By Marty Douglas

What better way to celebrate Canada Day than by setting your hair on fire over another perceived threat? By the way, setting your hair on fire, while not recommended, is one of the few demonstrations available to Canadians without a permit and, if it goes badly, it’s going to be covered by our fabulous health care system and no doubt, YouTube. Yay Canada!

Here’s the fire starter headline from REM: Will real estate brokers get ‘Ubered’ out of a career? by Robert E. Lee. Not the most original name for a revolutionary but probably not one he could do much about. Mr. Lee suggests the success of Uber (not so much in Montreal but c’est la vie!) is a red flag for our industry, that gatherers of BIG DATA will soon create platforms where buyer and seller will meet to finally accomplish what has been threatened for decades – disintermediation.



At a recent Re/Max meeting of owners and managers, Adam Lerner reminded the group that computers can “see”, “hear” and “write” as well as humans. Adam is the founder of Solvable and assisted the Journey of Discovery team at BCREA to contemplate the future of British Columbia real estate. Not only can computers do things as well as or better than humans – THEY CAN DO IT FASTER! All they need is data.

Freelancer.com. Haven’t heard of it? Well, it’s where you and I may be working tomorrow. Sixty per cent of the world is not connected to the Internet. Forty per cent of online learners are from developing countries. It doesn’t matter if you don’t know what you’re doing or what you want to do because you can learn it or have it provided online. How else did I learn napkin folding?

What’s behind Mr. Lee, the fire starter? A franchise called RealtyPoint. What do they promise? To do everything for you – except the messy bit about selling.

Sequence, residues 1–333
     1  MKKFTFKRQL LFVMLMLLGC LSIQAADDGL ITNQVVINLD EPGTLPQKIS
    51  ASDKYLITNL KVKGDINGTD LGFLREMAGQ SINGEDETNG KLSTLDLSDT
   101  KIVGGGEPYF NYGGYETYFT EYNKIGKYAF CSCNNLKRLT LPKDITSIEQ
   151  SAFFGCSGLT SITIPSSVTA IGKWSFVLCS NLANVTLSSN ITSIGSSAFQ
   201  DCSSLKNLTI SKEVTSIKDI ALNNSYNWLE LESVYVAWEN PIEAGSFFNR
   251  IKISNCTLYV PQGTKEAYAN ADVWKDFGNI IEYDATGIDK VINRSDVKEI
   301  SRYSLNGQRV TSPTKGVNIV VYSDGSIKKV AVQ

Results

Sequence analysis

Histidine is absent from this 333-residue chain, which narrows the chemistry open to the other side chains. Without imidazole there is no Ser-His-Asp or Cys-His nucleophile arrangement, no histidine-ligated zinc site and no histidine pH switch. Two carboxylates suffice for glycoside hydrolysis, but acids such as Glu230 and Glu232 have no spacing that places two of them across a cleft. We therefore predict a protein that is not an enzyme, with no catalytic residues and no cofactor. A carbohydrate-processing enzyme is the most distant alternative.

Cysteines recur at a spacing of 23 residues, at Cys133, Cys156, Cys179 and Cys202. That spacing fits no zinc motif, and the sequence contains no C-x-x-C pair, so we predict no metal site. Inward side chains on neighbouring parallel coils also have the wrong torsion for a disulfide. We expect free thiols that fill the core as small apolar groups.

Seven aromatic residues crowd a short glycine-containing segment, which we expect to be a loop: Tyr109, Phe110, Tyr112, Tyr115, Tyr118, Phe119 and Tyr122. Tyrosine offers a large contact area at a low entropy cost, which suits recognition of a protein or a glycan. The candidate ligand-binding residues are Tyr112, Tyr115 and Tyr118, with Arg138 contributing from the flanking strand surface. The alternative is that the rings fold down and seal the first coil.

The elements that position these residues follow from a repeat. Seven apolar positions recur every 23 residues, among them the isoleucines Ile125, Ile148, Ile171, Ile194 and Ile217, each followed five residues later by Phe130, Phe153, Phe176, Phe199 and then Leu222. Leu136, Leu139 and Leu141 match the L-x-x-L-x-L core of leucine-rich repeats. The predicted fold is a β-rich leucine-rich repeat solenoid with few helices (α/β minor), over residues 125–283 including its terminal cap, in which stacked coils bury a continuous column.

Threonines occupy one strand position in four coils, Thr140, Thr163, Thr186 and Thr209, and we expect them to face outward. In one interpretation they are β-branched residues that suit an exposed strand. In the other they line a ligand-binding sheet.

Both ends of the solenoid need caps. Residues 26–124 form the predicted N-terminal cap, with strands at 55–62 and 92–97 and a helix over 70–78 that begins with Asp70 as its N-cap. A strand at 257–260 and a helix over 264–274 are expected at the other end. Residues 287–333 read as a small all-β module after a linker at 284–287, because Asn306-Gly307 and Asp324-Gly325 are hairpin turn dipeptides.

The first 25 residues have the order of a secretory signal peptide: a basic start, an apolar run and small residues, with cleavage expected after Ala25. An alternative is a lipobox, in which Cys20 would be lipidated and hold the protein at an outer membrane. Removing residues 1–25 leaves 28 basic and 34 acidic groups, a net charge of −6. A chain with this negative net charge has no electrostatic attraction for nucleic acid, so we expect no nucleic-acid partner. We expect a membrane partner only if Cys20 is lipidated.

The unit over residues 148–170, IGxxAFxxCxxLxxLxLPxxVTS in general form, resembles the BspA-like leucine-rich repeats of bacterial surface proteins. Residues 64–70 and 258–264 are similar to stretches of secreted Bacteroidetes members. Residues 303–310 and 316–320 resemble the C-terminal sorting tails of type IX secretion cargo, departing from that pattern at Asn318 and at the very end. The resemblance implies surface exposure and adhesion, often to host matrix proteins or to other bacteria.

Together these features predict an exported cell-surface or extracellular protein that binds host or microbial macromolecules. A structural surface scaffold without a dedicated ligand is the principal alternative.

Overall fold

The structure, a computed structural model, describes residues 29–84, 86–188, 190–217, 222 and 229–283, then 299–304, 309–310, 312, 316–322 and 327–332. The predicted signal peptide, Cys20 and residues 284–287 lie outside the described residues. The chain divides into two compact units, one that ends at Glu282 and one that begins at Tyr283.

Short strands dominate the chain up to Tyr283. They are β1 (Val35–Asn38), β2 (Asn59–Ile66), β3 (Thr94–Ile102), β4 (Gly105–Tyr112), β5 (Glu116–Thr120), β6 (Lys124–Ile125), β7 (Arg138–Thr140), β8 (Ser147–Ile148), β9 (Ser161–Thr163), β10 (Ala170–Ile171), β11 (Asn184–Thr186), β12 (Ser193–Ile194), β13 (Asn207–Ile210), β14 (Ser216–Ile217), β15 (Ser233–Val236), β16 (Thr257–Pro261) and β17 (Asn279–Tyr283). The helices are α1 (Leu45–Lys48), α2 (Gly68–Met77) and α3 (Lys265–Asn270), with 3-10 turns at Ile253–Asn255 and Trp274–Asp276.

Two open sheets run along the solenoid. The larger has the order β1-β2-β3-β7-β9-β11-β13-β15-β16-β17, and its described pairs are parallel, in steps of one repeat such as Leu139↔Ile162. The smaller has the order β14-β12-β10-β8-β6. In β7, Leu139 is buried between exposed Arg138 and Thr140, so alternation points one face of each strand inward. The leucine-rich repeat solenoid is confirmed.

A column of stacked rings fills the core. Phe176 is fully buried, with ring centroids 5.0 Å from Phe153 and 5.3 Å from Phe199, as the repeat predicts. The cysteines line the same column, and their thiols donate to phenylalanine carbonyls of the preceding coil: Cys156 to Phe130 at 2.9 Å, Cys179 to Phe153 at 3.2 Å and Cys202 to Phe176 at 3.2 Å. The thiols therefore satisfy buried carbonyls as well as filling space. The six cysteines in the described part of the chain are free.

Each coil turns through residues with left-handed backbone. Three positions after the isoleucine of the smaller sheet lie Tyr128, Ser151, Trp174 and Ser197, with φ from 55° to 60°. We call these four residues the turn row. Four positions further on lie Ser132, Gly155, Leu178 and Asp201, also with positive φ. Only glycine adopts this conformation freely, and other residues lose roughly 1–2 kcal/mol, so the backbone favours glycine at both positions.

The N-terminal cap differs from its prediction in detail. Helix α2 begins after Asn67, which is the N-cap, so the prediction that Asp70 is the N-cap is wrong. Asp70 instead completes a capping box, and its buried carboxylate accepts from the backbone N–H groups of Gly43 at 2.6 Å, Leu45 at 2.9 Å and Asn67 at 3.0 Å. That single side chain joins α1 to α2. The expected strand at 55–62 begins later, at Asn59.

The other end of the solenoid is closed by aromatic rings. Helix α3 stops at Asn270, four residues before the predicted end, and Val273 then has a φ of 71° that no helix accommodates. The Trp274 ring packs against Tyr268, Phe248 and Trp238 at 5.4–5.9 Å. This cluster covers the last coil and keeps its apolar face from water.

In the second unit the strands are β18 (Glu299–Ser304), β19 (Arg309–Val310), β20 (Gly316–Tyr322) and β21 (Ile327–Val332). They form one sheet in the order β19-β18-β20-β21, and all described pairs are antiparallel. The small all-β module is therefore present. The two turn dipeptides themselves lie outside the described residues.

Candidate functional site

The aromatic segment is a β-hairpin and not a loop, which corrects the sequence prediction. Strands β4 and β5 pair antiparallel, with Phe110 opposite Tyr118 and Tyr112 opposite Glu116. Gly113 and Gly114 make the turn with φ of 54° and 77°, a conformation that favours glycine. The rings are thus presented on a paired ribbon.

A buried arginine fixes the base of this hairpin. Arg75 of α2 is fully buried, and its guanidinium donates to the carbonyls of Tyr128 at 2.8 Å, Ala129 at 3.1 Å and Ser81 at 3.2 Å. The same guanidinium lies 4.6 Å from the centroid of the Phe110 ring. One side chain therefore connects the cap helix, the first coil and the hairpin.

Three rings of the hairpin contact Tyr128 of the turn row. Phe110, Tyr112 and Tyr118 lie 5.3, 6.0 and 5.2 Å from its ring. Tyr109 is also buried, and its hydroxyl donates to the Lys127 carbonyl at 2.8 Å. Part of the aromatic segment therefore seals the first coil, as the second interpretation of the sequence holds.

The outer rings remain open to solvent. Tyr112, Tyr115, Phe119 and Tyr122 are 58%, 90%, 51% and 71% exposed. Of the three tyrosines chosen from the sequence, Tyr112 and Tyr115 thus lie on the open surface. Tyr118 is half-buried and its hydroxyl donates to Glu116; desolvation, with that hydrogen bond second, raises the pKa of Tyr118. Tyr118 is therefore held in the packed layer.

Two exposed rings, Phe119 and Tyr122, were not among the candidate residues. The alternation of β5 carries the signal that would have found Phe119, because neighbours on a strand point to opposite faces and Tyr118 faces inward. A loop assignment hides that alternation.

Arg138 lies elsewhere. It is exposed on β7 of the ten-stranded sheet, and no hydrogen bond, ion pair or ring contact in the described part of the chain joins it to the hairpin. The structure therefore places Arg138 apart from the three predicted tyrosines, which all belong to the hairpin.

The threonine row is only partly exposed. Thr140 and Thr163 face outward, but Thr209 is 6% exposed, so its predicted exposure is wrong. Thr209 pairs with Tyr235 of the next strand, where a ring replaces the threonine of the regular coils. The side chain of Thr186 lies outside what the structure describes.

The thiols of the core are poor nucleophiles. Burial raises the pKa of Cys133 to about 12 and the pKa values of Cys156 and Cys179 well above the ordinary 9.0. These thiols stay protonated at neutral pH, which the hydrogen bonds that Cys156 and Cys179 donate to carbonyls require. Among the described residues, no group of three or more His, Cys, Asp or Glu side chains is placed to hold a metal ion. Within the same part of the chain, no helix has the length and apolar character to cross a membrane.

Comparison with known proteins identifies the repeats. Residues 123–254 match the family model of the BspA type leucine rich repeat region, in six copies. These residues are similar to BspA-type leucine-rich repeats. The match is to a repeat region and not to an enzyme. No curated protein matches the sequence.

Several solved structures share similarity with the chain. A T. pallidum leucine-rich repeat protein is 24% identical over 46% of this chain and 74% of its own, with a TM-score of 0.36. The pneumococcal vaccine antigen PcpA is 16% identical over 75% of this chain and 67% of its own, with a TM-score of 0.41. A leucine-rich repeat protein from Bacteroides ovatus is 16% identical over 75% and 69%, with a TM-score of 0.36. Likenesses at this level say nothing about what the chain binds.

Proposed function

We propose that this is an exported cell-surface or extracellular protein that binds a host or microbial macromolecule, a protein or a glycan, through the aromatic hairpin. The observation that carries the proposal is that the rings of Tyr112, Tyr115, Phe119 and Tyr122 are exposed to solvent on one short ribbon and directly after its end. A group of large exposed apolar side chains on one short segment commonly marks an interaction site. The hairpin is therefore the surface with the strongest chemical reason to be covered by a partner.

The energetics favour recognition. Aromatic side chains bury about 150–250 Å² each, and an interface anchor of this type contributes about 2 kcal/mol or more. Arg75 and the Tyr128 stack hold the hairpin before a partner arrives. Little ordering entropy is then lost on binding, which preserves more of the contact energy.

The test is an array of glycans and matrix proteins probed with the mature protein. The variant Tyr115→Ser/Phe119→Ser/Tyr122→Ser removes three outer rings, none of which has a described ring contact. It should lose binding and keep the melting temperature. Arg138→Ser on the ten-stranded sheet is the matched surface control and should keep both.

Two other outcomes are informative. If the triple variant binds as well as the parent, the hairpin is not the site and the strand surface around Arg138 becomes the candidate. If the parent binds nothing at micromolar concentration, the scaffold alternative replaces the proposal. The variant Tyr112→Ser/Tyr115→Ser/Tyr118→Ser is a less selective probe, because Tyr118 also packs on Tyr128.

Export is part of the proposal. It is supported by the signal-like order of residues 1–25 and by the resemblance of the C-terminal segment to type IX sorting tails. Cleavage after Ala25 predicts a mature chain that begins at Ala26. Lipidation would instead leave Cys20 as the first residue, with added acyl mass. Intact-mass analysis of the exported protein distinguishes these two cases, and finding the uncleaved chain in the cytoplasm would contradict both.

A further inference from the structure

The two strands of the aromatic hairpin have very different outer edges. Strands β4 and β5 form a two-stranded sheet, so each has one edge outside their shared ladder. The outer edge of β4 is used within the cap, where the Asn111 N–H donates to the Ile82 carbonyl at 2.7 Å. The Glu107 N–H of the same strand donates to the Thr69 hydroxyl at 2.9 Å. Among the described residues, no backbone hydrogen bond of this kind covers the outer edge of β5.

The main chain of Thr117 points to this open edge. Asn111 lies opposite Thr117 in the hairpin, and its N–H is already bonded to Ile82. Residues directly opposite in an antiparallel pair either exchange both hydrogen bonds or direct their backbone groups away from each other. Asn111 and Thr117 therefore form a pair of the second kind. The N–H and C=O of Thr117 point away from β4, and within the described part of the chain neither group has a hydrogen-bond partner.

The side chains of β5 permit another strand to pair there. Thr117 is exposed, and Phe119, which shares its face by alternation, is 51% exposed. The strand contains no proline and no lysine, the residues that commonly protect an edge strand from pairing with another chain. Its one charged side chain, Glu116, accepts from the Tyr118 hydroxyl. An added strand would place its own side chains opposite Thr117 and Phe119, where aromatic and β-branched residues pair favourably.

Still calling it the “new” economy? Sorry, it’s the “present” economy but some of us have myopia. We haven’t grasped the forest has been clear-cut and we’re working among a rapidly changing opportunity for work. At a recent panel discussion in the Comox Valley – not exactly Silicon Valley – we heard presentations from a local inventor who is creating 3D models of undersea oyster farms. His team consists of an electrical engineer in New Zealand and a manufacturer in Ireland. His assembly and testing is done in Victoria, all for a site on a remote bay on Quadra Island, monitored from his home in Cumberland. Google Map those co-ordinates.

On the same panel was an engineer for a logging equipment manufacturer in Campbell River who does design/build with 3D modelling, imports steel and builds multi-million dollar, computer-operated grapple yarders worth $1.5 million per copy. He sells and maintains them for logging companies in B.C. and also to Oregon and New Zealand. Now he’s having a crack at Chile.

The third person on the panel writes a computer language for video games that is revolutionizing the industry from that hub of high tech – Port Alberni. His challenge is finding a community with housing to accommodate what might be a team of 100. After you house us, we’ll worry about the working space we need.

Their common problem is transportation – not of people but of lumpy objects.

My real estate board introduced new technology to the members in late May. Remember this name or Google it right now – Trenlii. It may be the most progressive step forward in a practical real estate tool since Top Producer.

Here’s what Trenlii will do:

  • Embed charts into your website created to your specifications – personal activity or market in general – updated automatically.
  • Post statistical facts created automatically for Twitter and Facebook networking.
  • Review listing data on competitive listings on a map format that also allows street views.
  • Advise clients in chart form on the price they might expect to obtain based on when they bought their house.
  • Create an interactive map of competitive listings and email it to your client at times you select.
  • In major urban areas, pick any crime by type and see occurrences in any neighbourhood.

The premise of Trenlii is to interpret the data the client doesn’t have from public sources (but would kill for!) and allow the Realtor to initiate different discussions about the marketplace. It makes us credible interpreters of the information the Internet has given the consumer. What experienced Realtors intuitively know, Trenlii provides in a third-party expert presentation.

Trenlii feasts on BIG DATA. Here’s the good news – we have the data.

Here’s the bad news. My favourite forecast is closer to the truth than ever before.

From Warren Bennis, the leadership pioneer who died one year ago, “The factory of the future will have only two employees, a man and a dog. The man will be there to feed the dog. The dog will be there to keep the man from touching the equipment.”